Openwall GNU/*/Linux - a small security-enhanced Linux distro for servers
[<prev] [next>] [<thread-prev] [thread-next>] [day] [month] [year] [list]
Date: Fri, 12 Jan 2018 10:21:43 -0800
From: Dan Williams <dan.j.williams@...el.com>
To: Josh Poimboeuf <jpoimboe@...hat.com>
Cc: Linux Kernel Mailing List <linux-kernel@...r.kernel.org>, linux-arch@...r.kernel.org, 
	Andi Kleen <ak@...ux.intel.com>, Kees Cook <keescook@...omium.org>, 
	kernel-hardening@...ts.openwall.com, X86 ML <x86@...nel.org>, 
	Ingo Molnar <mingo@...hat.com>, Al Viro <viro@...iv.linux.org.uk>, 
	"H. Peter Anvin" <hpa@...or.com>, Thomas Gleixner <tglx@...utronix.de>, 
	Linus Torvalds <torvalds@...ux-foundation.org>, Andrew Morton <akpm@...ux-foundation.org>, 
	Alan Cox <alan@...ux.intel.com>
Subject: Re: [PATCH v2 07/19] x86: introduce __uaccess_begin_nospec and ASM_IFENCE

On Fri, Jan 12, 2018 at 9:51 AM, Josh Poimboeuf <jpoimboe@...hat.com> wrote:
> On Thu, Jan 11, 2018 at 04:47:02PM -0800, Dan Williams wrote:
>> For 'get_user' paths, do not allow the kernel to speculate on the value
>> of a user controlled pointer. In addition to the 'stac' instruction for
>> Supervisor Mode Access Protection, an 'ifence' causes the 'access_ok'
>> result to resolve in the pipeline before the cpu might take any
>> speculative action on the pointer value.
>
> So I understand the need to "patch first and ask questions later".  I
> also understand that usercopy is an obvious attack point for speculative
> bugs.  However, I'm still hopelessly confused about what exactly this
> patch (and the next one) are supposed to accomplish.
>
> I can't figure out if:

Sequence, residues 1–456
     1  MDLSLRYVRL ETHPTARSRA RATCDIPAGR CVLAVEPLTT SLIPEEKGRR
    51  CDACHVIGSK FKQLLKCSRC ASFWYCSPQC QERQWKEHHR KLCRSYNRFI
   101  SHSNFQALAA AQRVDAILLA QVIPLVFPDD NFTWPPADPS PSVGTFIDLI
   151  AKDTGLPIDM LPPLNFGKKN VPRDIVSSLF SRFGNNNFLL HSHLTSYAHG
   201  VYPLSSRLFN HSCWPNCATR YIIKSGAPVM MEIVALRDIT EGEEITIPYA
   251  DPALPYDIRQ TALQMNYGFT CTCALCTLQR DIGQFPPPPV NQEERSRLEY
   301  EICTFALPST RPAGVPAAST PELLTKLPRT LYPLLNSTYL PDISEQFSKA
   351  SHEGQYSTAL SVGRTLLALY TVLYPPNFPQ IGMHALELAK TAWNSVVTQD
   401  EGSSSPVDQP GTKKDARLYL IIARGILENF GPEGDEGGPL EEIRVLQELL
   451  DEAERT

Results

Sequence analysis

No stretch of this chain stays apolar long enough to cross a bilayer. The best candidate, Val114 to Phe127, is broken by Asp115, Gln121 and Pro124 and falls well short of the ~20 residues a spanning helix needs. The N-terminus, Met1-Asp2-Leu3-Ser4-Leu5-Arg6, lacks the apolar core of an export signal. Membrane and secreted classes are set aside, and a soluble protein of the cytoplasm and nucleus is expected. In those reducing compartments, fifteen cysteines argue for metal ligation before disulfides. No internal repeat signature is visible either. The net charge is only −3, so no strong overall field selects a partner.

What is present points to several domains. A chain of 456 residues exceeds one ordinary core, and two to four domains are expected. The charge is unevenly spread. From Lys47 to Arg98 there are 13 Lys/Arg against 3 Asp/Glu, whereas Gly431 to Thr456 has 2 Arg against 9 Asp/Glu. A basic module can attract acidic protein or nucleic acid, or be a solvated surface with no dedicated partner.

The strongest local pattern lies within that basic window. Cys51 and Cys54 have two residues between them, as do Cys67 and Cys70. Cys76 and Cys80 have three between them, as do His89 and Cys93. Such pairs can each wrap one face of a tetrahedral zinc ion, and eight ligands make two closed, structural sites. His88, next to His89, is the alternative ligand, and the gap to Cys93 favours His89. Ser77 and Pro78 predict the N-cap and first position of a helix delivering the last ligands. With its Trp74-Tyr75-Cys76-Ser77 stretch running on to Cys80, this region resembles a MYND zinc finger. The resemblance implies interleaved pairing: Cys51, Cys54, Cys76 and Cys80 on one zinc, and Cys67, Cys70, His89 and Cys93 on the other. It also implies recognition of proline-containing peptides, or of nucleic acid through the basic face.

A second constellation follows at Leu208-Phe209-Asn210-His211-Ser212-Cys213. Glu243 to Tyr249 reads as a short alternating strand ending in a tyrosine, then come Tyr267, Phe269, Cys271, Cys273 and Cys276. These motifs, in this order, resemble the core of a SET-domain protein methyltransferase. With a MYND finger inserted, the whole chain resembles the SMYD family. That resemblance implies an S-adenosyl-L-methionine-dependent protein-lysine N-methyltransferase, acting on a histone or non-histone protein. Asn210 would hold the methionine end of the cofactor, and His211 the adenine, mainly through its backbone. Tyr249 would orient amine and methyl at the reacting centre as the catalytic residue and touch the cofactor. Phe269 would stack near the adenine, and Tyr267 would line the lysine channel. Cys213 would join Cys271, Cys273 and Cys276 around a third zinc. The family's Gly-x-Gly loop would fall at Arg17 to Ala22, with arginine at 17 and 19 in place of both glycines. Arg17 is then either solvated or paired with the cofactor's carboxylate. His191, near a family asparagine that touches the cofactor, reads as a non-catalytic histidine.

>
> a) I'm missing something completely obvious;
> b) this is poorly described; or
> c) it doesn't actually fix/protect/harden anything.
>
> The commit log doesn't help me at all.  In fact, it confuses me more.
> For example, this paragraph:
>
>> Since this is a major kernel interface that deals with user controlled
>> data, the '__uaccess_begin_nospec' mechanism will prevent speculative
>> execution past an 'access_ok' permission check. While speculative
>> execution past 'access_ok' is not enough to lead to a kernel memory
>> leak, it is a necessary precondition.
>
> That just sounds wrong.  What if the speculation starts *after* the
> access_ok() check?  Then the barrier has no purpose.
>
> Most access_ok/get_user/copy_from_user calls are like this:
>
>   if (copy_from_user(...uptr..))  /* or access_ok() or get_user() */
>         return -EFAULT;
>
> So in other words, the usercopy function is called *before* the branch.
>
> But to halt speculation, the lfence needs to come *after* the branch.
> So putting lfences *before* the branch doesn't solve anything.
>
> So what am I missing?

We're trying to prevent a pointer under user control from being
de-referenced inside the kernel, before we know it has been limited to
something safe. In the following sequence the branch we are worried
about speculating is the privilege check:

if (access_ok(uptr))  /* <--- Privelege Check */
    if (copy_from_user_(uptr))

The cpu can speculatively skip that access_ok() check and cause a read
of kernel memory.

Powered by blists - more mailing lists

Your e-mail address:

Confused about mailing lists and their use? Read about mailing lists on Wikipedia and check out these guidelines on proper formatting of your messages.